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Edwards Wins Election to Congress

Donna F. Edwards (D) won a special election against Peter James (R), becoming the first black woman elected to Congress from the state of Maryland.

James, who attempts to limit his interactions with government and his personal debt by having no driver's license, bank account, home mortgage or credit card, has said he ran for the office largely to call attention to what he saw as deep defects in the nation's banking structure.

He planned no party for election night, but instead expected to relax with family members and begin plotting strategy for a November contest. "A lot of people thought she was the congresswoman already -- there's been a lot of that," he said of Edwards.

Edwards, meanwhile, gathered with supporters at the Lanham union hall of the International Brotherhood of Electrical Workers, Local 26. The event site was significant because the union backed Wynn in the February primary and hosted his gathering on the primary election night.

"It's interesting she would do that -- in effect saying, I'm in this seat now, I'm leaving my mark," said Ron Walters, a political science professor at the University of Maryland.

Edwards said she reconciled with the union leaders in the first days after February's primary and was holding her party at their offices was a way to symbolize party unity.

"We're Democrats -- we know how to do primaries," she said. "And then we get the primary over, and we know how to govern."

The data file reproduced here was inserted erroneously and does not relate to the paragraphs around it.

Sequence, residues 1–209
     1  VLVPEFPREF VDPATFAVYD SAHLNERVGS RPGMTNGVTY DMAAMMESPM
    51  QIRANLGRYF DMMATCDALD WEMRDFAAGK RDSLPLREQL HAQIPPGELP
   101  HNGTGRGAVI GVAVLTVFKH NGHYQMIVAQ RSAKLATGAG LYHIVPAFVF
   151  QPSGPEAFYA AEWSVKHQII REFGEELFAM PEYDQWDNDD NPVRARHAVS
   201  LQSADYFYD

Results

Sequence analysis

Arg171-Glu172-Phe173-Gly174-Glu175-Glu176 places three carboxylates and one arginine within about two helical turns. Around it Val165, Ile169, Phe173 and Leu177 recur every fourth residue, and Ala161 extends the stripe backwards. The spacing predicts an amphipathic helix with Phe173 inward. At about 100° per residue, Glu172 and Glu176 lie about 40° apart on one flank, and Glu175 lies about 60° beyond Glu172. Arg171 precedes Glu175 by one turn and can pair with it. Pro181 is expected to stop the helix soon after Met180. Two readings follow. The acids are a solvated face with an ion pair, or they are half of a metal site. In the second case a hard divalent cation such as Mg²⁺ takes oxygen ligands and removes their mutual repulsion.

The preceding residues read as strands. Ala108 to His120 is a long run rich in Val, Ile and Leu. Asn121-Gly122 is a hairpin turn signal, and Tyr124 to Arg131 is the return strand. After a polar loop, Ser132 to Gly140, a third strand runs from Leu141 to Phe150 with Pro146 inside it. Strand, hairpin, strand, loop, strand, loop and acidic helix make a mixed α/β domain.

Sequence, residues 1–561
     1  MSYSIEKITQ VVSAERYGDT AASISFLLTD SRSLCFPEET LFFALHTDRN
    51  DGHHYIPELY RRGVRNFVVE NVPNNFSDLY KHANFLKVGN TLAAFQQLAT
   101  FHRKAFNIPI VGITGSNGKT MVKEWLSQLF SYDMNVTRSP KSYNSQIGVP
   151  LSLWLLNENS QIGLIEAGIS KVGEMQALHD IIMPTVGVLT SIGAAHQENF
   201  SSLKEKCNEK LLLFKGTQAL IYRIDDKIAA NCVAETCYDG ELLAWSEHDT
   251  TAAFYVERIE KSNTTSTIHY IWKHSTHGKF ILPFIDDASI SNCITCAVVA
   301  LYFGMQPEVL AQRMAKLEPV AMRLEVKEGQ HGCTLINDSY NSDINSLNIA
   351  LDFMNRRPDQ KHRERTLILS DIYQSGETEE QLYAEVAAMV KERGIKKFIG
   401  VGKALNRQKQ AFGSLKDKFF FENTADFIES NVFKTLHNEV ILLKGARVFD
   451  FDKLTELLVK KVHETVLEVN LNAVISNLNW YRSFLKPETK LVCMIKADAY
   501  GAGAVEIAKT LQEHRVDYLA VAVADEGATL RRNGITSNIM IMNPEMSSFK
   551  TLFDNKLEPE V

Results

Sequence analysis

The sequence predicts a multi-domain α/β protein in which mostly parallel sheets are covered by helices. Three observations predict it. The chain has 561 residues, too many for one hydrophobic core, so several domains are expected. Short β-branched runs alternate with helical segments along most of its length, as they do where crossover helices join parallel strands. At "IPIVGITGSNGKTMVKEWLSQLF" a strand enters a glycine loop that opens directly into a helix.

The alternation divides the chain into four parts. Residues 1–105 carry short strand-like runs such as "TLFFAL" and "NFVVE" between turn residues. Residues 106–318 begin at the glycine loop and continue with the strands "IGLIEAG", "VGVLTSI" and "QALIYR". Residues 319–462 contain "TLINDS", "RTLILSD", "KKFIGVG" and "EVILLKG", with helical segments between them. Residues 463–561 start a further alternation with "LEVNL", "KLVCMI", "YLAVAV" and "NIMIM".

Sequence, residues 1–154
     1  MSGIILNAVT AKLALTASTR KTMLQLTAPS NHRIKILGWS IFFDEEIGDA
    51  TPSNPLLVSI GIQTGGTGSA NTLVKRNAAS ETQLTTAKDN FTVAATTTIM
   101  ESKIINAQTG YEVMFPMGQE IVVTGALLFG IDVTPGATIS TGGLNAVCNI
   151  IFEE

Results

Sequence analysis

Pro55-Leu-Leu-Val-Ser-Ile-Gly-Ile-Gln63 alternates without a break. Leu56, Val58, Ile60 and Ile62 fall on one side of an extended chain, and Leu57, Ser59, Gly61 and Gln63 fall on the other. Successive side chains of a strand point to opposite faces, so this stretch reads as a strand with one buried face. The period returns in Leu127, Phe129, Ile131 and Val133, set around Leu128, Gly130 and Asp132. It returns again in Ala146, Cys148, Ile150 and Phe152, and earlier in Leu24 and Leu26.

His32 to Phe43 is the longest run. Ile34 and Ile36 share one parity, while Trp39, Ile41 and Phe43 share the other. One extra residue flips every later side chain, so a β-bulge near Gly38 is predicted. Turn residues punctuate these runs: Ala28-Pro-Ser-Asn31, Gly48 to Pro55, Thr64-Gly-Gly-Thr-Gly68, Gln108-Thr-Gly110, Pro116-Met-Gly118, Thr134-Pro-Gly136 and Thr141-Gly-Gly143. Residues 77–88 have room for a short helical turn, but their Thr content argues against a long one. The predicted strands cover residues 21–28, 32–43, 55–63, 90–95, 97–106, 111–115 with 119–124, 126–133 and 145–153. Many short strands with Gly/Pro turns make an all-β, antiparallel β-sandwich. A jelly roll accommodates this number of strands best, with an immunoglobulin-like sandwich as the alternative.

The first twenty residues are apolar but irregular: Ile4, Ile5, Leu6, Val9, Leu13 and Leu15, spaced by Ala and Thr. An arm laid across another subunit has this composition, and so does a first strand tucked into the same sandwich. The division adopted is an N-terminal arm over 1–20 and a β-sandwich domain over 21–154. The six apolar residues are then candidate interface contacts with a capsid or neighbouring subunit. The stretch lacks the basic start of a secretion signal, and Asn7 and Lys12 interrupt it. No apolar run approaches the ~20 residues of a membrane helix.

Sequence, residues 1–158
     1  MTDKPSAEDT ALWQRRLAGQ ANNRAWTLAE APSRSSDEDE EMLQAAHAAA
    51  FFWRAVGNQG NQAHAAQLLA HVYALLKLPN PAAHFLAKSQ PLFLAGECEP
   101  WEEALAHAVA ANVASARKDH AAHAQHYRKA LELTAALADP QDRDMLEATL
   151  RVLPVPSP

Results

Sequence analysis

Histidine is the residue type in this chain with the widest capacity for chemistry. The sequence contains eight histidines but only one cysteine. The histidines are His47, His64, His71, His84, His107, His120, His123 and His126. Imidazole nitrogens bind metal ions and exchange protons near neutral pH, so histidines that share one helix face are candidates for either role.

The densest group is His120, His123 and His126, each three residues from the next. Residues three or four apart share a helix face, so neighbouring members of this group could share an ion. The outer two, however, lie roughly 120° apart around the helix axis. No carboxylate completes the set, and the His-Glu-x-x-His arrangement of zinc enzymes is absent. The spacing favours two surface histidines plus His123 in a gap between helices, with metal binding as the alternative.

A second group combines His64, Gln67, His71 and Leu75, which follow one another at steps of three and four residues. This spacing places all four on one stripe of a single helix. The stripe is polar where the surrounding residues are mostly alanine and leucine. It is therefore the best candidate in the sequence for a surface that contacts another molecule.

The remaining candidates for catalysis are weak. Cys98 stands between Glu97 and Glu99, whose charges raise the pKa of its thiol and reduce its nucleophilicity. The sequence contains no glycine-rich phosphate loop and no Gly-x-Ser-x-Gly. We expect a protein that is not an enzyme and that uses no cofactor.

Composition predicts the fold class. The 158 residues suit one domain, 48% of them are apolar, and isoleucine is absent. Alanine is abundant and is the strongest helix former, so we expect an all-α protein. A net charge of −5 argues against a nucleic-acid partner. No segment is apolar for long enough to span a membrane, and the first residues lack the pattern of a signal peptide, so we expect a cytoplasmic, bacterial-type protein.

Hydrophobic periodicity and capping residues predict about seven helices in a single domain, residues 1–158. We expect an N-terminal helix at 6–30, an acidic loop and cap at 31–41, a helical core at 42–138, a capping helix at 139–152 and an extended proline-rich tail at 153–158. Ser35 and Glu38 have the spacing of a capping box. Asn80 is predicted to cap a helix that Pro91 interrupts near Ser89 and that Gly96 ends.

Edwards said she would first turn her attention to staffing her congressional office and taking on constituent concerns.

Wynn's resignation gave Edwards an opportunity to gain seniority over freshmen in Congress elected in November. That advantage, combined with Edwards's reputation as a giant-slayer in the primary election and her national network of followers, allows her to enter Congress with unusual prominence.

"She's going to be noticed because she unseated an incumbent," Walters said. "That gives her some visibility."

Walters said, however, that the novelty will wear off quickly and then Edwards would make her mark through hard work.

Edwards called her chance to become Maryland's first black woman elected to Congress an "added benefit" of her campaign, made sweeter because the historical milestone played little role in an election dominated by issues.

"It speaks volumes about our electorate," she said. "It is so wonderful for women, for African Americans, for all of us to celebrate that we can move forward and not even really pay attention to it."


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